Matsutake Mushrooms

Matsutake Mushrooms have been collected for many years, but have just recently become a popular source of extra income for numerous people. This page provides tips that will help in picking and in assuring a future crop.


Photo of Matsutake Mushrooms

Matsutake mushrooms are simple plants known as fungi. Unlike green plants, fungi cannot use sunlight to make food, but fungi use other living organisms or dead organic matter for food. Fungi have many important roles in the forest. They help break down and return dead plant material to the soil for use by other plants. They are a food source for many animals including insects, squirrels, and deer. They can help plants and trees resist disease.

The fleshy portion or "mushroom" of the Matsutake is really the fruiting portion of the fungus. A mushroom is similar in function to an apple or other fruit in that it carries the reproductive structure. Instead of seeds, millions of tiny spores are produced along the gills of the mushroom. These spores are spread by wind when the cap of the mushroom is open. Like a seed, spores will germinate and grow when conditions are right.

Fruiting or mushroom production requires specific conditions. A lack or rain, for example, can result in a season where few mushrooms are produced. According to studies in Japan, the thickness of the duff layer and the density of the trees also influence Matsutake production.

Matsutakes receive their nutrition through the living roots of nearby trees in a special relationship where both trees and fungi benefit. This is called a mycorrhizal relationship. The main portion of Matsutake's are below ground and consist of interwoven rootlike threads called mycelium. The mycelium fibers surround and penetrate tree roots, hence the mycorrhizal relationship.

These "extra roots" enable the tree to obtain more nutrients and water; and helps protect the tree from disease-causing organisms. The fungus, in turn, obtains vital food products it cannot manufacture itself. Neither the trees or the Matsutake can survive without each other. Maintaining an abundance of mycorrhizal fungi is critical to overall forest health.


Photo of Matsutake Mushrooms

The Deschutes, Umpqua, Willamette, and Fremont-Winema National Forests are cooperating with scientists to study these issues. The long-term effects of picking will be compared with mushroom production. Timber harvest methods on mushroom production will also be evaluated.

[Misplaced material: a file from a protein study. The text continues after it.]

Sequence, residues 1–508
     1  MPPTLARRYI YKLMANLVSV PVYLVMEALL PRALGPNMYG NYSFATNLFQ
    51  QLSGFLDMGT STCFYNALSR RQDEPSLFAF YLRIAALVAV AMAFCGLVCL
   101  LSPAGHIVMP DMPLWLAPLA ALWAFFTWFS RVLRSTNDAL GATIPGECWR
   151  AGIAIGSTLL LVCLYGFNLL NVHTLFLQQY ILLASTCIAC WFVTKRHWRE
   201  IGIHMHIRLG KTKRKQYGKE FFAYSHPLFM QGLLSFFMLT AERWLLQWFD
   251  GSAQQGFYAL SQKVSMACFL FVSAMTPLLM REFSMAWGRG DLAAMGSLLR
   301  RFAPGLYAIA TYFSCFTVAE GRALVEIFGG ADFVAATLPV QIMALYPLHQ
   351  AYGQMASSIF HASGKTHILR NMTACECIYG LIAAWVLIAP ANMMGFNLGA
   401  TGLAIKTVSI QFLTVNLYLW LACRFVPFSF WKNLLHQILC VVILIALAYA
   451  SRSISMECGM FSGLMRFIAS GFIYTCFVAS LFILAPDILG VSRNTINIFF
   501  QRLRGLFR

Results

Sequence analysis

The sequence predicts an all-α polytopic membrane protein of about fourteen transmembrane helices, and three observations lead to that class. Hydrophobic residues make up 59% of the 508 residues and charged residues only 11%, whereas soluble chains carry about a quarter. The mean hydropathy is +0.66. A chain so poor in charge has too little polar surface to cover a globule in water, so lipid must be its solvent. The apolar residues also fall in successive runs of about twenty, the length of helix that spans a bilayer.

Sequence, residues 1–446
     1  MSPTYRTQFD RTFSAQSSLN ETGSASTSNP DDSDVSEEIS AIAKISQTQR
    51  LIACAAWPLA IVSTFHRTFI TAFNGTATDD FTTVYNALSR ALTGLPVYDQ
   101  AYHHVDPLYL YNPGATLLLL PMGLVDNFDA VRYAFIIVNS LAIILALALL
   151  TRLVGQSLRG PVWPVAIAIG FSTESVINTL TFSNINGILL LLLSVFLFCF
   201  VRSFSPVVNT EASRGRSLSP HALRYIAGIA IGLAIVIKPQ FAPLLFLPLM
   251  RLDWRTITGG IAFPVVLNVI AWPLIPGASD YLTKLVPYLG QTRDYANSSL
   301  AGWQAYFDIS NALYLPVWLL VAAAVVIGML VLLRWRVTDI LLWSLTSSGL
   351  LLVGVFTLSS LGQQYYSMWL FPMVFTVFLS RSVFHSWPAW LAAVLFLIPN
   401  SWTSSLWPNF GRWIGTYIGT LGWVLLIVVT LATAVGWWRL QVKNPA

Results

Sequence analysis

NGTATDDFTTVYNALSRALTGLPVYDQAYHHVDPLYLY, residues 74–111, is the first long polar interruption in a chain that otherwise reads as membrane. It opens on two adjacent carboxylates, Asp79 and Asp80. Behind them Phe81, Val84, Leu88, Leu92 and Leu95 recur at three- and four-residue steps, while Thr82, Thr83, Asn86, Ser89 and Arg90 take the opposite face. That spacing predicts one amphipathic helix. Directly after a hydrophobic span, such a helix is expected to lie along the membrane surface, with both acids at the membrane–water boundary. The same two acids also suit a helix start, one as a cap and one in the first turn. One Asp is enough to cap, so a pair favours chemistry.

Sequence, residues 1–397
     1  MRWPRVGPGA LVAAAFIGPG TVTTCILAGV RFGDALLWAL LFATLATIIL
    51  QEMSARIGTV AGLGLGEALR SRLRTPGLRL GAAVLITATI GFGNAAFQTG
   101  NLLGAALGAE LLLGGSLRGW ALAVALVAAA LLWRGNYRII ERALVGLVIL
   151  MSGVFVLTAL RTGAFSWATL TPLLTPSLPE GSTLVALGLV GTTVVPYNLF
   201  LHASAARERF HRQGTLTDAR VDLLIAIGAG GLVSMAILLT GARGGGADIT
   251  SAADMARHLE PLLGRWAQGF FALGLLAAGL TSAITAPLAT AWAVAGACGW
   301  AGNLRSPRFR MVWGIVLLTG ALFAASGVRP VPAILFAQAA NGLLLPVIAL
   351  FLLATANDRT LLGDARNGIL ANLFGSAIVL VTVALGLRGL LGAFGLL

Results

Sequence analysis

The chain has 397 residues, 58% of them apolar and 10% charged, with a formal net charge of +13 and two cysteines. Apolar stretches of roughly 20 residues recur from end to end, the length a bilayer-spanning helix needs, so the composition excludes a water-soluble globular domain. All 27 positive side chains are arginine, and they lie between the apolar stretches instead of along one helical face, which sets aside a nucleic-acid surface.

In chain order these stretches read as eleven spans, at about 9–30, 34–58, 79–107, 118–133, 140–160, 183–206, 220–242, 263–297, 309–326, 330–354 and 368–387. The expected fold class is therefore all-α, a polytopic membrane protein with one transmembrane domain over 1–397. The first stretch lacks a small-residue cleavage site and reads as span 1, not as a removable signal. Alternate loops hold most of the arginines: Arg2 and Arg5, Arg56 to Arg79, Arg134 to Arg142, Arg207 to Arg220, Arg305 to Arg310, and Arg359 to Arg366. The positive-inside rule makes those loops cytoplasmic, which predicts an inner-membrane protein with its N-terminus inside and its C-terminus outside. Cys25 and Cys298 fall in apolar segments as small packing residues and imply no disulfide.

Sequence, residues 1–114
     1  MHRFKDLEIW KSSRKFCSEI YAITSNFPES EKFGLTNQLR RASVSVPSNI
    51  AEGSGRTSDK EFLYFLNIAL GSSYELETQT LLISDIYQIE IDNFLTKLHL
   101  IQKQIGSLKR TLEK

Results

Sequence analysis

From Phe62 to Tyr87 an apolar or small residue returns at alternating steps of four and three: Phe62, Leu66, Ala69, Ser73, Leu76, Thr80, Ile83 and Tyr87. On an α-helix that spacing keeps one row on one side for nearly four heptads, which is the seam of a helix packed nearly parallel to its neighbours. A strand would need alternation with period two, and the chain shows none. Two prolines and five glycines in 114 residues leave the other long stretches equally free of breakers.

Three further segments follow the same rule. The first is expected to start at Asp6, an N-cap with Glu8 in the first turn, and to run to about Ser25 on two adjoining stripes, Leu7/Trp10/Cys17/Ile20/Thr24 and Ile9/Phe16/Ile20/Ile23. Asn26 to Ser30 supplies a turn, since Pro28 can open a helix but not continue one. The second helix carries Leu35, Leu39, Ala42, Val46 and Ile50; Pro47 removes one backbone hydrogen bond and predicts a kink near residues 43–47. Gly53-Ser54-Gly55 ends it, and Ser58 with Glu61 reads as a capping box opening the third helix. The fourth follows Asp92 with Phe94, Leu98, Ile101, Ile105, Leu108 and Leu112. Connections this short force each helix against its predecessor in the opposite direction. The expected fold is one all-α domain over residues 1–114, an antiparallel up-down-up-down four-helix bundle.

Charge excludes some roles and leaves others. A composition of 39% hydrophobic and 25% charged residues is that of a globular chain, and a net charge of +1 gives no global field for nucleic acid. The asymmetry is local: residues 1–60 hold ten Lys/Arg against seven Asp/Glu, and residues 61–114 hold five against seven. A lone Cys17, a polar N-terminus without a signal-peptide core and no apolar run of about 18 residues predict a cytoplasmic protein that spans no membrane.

Location and Season

The Matsutake season usually starts the first part of September. The first mushrooms come up in the higher elevation forests of fir, hemlock, and ponderosa pine. Later the Matsutake can be found in almost all forest areas including pure lodgepole pine above 4500 feet elevation. Check with mushroom buyers to locate potential picking areas.

Buying & SellingPhoto of harvested Matsutake Mushrooms.

Most Matsutake mushrooms are shipped directly to Japan where they are used for food and flavorings in soups, etc. Matsutakes are sold based on five separate grades. The mushrooms are graded by age and any damage.

Buyers can be found on main roads and are highly visible. Buyers will help with identification, cleaning, care, and grade. Prices will vary greatly by the grade. The prices also vary daily depending on the mushroom market.


Permits are required for harvesting mushrooms on national forest land. You should check with the local ranger district for their specific conditions. Buyers are not allowed to operate in some national forest areas. Other areas allow buyers by permit only. Check first before picking or buying. Mushroom harvesting is prohibited in areas such as National Parks and National Forest Wilderness.

Picking Requirements

Improper picking techniques can destroy Matsutake mushroom habitat. Three simple steps will ensure future crops of Matsutake.

  1. Locate Matsutake's by watching for small bumps in the duff or litter layer. Carefully clearing the duff off the mushroom to get a good idea where the base is may be necessary. Searching by raking the duff ruins the mushroom and destroys the mycelium, don't do it! Damaged mushroom stems or caps have little or no value.
  2. Extract the mushroom by inserting a narrow object like a stick or knife under the base prying up and out of the ground. Damage can be minimized by prying straight up. Remove any dirt now with the mushroom upright to keep the gills clean. Using a narrow tool will reduce damage to the mycelium ensuring a future crop, maybe as soon as three or four days later.
  3. Replace any dirt and duff, patting firmly in place, since this helps protect the mycelium. Without mycelium mushrooms will not grow.

Remember, raking the duff or litter layer can ruin mushrooms and destroy future crop potential.